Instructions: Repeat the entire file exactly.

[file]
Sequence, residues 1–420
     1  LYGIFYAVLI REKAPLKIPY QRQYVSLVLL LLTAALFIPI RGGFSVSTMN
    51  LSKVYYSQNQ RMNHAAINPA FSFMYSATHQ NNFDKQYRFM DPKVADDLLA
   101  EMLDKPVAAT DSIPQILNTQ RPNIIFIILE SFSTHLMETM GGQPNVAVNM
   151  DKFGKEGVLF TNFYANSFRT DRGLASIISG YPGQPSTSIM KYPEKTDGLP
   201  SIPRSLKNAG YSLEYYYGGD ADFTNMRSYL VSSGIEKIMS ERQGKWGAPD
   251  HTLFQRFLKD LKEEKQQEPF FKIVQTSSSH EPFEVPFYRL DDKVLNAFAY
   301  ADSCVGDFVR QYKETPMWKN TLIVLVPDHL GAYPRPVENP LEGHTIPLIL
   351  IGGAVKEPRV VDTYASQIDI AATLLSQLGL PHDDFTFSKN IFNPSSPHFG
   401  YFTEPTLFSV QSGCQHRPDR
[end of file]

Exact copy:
Sequence, residues 1–420
     1  LYGIFYAVLI REKAPLKIPY QRQYVSLVLL LLTAALFIPI RGGFSVSTMN
    51  LSKVYYSQNQ RMNHAAINPA FSFMYSATHQ NNFDKQYRFM DPKVADDLLA
   101  EMLDKPVAAT DSIPQILNTQ RPNIIFIILE SFSTHLMETM GGQPNVAVNM
   151  DKFGKEGVLF TNFYANSFRT DRGLASIISG YPGQPSTSIM KYPEKTDGLP
   201  SIPRSLKNAG YSLEYYYGGD ADFTNMRSYL VSSGIEKIMS ERQGKWGAPD
   251  HTLFQRFLKD LKEEKQQEPF FKIVQTSSSH EPFEVPFYRL DDKVLNAFAY
   301  ADSCVGDFVR QYKETPMWKN TLIVLVPDHL GAYPRPVENP LEGHTIPLIL
   351  IGGAVKEPRV VDTYASQIDI AATLLSQLGL PHDDFTFSKN IFNPSSPHFG
   401  YFTEPTLFSV QSGCQHRPDR